Cartoon: Everything Is Problematic!

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Sometimes I like doing cartoons making fun of my “own side.”

Part of being a progressive these days, it seems, is realizing that every piece of art or entertainment we might enjoy or love is somehow problematic, or if not, could be revealed to be problematic at any moment.

And that’s how it goes. When it comes to older works, that’s how it should go. If we never look at old works and go “yipes,” that means no progress has been made. If we never look at things that artists and public figures once got away with – Roman Polaski comes right to mind – and say “that’s not acceptable,” that means no progress has been made.

But it’s still an odd-feeling situation. And, from a certain perspective, a funny one.


This cartoon has five panels, with the same two characters – a young woman wearing glasses and a pink scarf, and another young woman wearing a long yellow jacket. In the first two panels, the two are sitting around an apartment, on a couch.

Panel 1 

Scarf woman is reading a comic book, and speaks enthusiastically to Jacket woman, who looks unconvinced.

SCARF: Have you read this comic? It’s really awesome.

JACKET: I heard the creator was arrested for beating his girlfriend.

Panel 2 

Scarf tosses the comic over her shoulder. Jacket looks a bit angry as she talks, waving a hand in the air.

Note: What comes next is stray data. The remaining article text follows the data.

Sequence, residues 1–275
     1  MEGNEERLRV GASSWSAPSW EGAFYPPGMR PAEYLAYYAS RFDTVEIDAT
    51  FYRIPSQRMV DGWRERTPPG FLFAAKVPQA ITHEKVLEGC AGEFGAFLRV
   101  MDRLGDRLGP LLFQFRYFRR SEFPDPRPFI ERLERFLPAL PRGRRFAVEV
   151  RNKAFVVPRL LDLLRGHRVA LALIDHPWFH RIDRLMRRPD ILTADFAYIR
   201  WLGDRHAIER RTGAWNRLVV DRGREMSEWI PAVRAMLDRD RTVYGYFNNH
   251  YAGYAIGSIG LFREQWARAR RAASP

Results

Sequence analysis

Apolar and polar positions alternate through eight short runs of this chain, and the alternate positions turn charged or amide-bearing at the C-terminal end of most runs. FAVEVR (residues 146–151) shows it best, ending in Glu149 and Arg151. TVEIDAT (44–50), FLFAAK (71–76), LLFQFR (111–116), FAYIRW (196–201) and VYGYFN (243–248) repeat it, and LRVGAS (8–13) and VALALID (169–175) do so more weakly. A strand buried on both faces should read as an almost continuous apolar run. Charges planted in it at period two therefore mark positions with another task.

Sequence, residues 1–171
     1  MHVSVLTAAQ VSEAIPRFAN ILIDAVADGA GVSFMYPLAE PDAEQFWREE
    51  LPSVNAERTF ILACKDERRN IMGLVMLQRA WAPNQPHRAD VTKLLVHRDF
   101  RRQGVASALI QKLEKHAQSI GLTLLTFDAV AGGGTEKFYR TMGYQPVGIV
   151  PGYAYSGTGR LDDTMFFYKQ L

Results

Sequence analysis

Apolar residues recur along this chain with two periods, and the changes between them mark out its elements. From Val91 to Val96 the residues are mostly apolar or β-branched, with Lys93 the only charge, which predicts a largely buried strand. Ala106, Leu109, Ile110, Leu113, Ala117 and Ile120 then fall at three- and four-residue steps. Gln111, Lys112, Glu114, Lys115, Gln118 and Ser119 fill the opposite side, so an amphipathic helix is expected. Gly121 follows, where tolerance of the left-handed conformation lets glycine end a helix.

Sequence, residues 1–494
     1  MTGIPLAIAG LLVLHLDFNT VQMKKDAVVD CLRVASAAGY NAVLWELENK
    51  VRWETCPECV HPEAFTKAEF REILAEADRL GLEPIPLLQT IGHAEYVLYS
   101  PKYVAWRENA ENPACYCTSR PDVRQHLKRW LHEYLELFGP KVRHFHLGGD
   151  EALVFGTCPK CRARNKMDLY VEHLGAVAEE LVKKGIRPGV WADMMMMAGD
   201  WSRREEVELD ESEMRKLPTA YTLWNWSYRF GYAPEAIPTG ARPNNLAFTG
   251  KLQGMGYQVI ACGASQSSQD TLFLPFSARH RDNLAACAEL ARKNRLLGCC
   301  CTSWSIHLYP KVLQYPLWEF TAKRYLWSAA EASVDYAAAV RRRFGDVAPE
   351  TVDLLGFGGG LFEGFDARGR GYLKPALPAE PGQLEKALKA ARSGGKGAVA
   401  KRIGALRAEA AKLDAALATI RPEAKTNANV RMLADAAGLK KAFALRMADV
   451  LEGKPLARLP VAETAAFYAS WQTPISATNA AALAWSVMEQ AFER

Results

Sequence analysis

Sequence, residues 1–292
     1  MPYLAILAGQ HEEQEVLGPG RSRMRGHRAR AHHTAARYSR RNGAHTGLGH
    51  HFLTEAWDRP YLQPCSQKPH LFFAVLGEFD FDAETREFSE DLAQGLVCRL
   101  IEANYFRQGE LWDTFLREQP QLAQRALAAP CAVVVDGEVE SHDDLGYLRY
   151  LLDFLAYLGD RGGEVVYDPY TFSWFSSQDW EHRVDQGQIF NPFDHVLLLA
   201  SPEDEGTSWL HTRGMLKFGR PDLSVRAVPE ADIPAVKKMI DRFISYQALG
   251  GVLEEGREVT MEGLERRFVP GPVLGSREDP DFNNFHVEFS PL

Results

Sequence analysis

SCARF: Screw comics, then. We’ll just browse the internet.

JACKET: Yeah! We can google how the workers who make our devices are horribly abused.

Panel 3 

Scarf tries again, but Jacket rejects the idea again, standing up with her arms crossed, turning her back on Jacket.

SCARF: Let’s watch an old movie. Something made before the internet.

JACKET: Hitchcock, Kubrick, Bertolucci… Lots of directors abused their actresses back then. Just like today.

Panel 4

The two characters, after a quick back and forth, both yell to the sky (or ceiling) in abject frustration.

SCARF: Music?

JACKET: R. Kelly.

SCARF: Disney?

JACKET: Are you joking?


Panel 5 

The two characters are now out in a beautiful, sprawling park, with trees and rolling hills, sitting on a  hillside. Scarf is smiling and leaning back; Jacket has her arms crossed on her knees and still looks crabby.

SCARF: Isn’t it great out here, enjoying clean, unproblematic nature?

JACKET: Stolen land.

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12 Responses to Cartoon: Everything Is Problematic!

  1. 1
    Craig L says:

    Reminds me of a very early Bloom County (1982) with people at a bus stop comparing offenses then yelling in unison “LIFE IS OFFENSIVE!!!”, leaving Opus to declare it “Offensensivity”.

  2. 2
    Joe in Australia says:

    Yes, but how do we deal with it?

  3. 3
    LittlePony says:

    The problem is that once you see something as a pattern (like racism), you can’t unsee it.

  4. 4
    Ampersand says:

    Craig – I had forgotten that one, but that’s a great strip! And it probably influenced my strip unconsciously.

  5. 5
    RonF says:

    It’s one thing to say that a creator’s art is great and we should enjoy it regardless of the creator’s personal characteristics. It’s another to honor the creator himself or herself.

    Roman Polanski comes to mind. Hollywood seems intent on honoring him even though he was convicted of sexually abusing a minor and subsequently fled the U.S. (and is still a fugitive from American justice).

  6. 6